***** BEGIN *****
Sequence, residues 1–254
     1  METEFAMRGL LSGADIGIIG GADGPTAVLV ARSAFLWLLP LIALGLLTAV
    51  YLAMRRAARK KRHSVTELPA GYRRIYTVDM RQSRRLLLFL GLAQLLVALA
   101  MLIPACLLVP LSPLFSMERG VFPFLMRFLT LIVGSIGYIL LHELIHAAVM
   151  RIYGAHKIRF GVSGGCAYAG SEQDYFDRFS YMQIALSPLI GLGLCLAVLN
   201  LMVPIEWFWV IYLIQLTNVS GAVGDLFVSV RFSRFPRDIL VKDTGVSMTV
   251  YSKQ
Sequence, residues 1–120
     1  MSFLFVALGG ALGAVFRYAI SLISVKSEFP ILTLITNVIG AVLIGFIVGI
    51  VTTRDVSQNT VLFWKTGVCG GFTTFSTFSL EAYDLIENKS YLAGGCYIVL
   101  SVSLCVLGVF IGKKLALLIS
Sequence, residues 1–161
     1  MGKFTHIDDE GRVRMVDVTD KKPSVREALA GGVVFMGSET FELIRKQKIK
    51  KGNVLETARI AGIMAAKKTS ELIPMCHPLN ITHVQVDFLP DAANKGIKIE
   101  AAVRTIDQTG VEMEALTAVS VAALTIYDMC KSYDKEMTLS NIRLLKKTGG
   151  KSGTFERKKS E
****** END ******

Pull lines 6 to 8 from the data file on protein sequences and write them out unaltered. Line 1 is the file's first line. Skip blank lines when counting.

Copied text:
   201  LMVPIEWFWV IYLIQLTNVS GAVGDLFVSV RFSRFPRDIL VKDTGVSMTV
   251  YSKQ
Sequence, residues 1–120